The Cosmos Elite is essentially the original Cosmos that came with the first generation base stations and controllers and a different faceplate. This means that you lose some of the immediacy of the original’s reverse tracking, but get improved accuracy for the problem. It’s a seemingly reasonable success in good games (Half-Life: Alyx, for example). However, you’ll need a decent spot to get started with headphones.
The Cosmos Elite’s original introductory price was prohibitive at $ 899, and that’s one of the reasons it wasn’t better in our review. Nonetheless, if you are looking for a premium VR gaming experience, you will need to pay for a portion of it regardless of which solution you choose.
The Odyssey + is Samsung’s refresh, you guessed it, the original Odyssey HMD. This is a substantial improvement and the best of the current crop of Windows Mixed Reality (WMR) offerings. Don’t be fooled by this category name; the Odyssey + is above all a dedicated VR headset – the “mixed” nomenclature comes mainly from Microsoft’s initial desire to group HoloLens into the same ecosystem as its VR initiative.
The Odyssey + has an impressive high-resolution display for a WMR device, at 2880 x 1600, and also takes advantage of an exclusive anti-screen door feature that Samsung is rolling out to reduce the fine grain you see in the image. majority of HMDs. As a result, the screen door effect in the Odyssey + is virtually undetectable and, combined with the WMR indoor-to-outdoor tracking standard, provides a remarkable level of immersion.
Jargon Buster – Shattered Virtual Reality
Field of view (FOV)
Field of view refers to the amount of environment visible to an observer; in VR, it is the extent of the gaming world that is visible on the screens. A wider field of vision in a helmet is an integral part of a feeling of immersion.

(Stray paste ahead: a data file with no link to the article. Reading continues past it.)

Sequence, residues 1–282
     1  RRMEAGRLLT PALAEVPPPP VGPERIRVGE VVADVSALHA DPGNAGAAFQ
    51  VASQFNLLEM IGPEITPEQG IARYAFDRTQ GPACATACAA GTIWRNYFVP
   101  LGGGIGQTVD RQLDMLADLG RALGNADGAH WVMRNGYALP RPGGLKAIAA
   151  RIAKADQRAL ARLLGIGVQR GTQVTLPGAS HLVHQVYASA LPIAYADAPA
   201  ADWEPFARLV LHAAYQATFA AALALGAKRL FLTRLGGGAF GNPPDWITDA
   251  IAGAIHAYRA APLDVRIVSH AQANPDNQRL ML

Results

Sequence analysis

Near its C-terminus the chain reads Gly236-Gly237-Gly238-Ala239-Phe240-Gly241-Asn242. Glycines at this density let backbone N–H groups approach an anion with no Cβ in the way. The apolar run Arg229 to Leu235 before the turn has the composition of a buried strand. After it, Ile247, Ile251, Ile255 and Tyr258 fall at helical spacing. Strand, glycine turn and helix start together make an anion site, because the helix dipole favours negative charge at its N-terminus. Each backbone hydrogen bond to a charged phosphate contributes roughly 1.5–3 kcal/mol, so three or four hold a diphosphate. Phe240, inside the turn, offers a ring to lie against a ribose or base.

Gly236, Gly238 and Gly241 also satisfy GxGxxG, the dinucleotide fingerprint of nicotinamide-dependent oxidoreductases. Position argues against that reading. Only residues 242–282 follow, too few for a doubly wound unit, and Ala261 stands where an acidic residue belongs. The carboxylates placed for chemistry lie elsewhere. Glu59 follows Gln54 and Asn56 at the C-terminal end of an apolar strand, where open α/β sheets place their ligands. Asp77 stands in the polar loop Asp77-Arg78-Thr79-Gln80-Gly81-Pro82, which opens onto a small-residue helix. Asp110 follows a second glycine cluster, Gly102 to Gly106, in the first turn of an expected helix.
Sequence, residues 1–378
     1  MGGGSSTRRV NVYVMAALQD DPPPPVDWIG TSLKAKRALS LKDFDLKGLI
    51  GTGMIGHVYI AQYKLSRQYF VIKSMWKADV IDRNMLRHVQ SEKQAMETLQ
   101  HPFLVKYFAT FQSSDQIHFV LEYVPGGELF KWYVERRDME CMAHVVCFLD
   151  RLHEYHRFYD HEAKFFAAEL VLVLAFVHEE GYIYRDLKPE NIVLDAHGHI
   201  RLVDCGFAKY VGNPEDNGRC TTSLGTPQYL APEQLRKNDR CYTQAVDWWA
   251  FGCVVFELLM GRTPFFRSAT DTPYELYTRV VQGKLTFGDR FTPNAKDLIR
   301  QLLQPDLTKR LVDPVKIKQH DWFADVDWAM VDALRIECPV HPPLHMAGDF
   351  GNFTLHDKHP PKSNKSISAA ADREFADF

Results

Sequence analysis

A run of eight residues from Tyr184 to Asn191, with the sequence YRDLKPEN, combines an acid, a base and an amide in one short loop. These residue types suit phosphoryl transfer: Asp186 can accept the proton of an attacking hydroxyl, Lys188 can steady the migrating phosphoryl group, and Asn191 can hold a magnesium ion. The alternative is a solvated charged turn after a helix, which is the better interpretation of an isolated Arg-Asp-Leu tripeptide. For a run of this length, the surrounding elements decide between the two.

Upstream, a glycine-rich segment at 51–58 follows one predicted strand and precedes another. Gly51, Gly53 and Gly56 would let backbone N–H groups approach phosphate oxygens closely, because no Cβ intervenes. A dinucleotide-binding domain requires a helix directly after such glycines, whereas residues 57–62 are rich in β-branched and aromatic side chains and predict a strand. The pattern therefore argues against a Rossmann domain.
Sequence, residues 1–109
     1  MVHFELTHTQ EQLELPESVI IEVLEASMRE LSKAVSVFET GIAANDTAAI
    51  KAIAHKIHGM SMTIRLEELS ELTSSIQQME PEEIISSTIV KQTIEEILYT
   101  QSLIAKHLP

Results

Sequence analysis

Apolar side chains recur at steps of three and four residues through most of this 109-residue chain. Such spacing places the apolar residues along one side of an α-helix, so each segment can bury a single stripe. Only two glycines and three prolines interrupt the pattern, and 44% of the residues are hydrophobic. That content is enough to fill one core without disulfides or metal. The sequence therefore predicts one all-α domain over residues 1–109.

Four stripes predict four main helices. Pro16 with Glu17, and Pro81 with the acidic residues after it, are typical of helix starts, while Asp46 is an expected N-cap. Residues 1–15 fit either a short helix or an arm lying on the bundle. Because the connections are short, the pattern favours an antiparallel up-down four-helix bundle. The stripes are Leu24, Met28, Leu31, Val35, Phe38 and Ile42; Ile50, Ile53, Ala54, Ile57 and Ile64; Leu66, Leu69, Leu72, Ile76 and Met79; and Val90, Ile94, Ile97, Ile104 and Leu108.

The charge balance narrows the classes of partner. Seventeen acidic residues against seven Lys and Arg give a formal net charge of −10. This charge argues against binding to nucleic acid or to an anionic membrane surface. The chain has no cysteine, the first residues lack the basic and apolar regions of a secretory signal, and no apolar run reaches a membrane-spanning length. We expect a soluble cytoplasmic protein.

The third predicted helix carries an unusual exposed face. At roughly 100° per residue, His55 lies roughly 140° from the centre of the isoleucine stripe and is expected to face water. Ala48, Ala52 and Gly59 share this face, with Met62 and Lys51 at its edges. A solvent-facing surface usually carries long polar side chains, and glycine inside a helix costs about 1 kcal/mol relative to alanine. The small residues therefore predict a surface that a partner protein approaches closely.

Head mounted display (HMD)
Basically any head-mounted portable joshdub device with graphics capabilities, but often used to refer specifically to VR headsets.
Systems used to track a user’s movements in VR that originate from the helmet, as opposed to outside-to-inside tracking, where external sensors are used to track movement. Tracking and the method used are crucial in activating three degrees of freedom (being able to look around you in any direction in VR) or six degrees of freedom (being able to look around and move your body in any direction. in VR).
Low latency is vital to reducing nausea in VR, which is more intense when there is a delay or stutter between moving or seeking and responding to the screen.
Resolution is the horizontal and vertical measurement in pixels of an image or display. Higher resolution in VR is essential because the screens are so close to the user’s eyes, which emphasizes jagged lines, pixelation, and the screen door effect.
The number of images a screen is capable of displaying per second, measured in hertz. High refresh rate is essential for VR in the same way as latency, as a low refresh rate can cause stuttering (or even the appearance of freezing), which can lead to nausea.
Screen Door Effect (SDE)
A fine mesh type effect of viewing an image rendered in pixels at a short distance, where the grid between the pixels is visible. Higher resolutions (or proprietary solutions like the one built into the Odyssey +) mitigate this effect.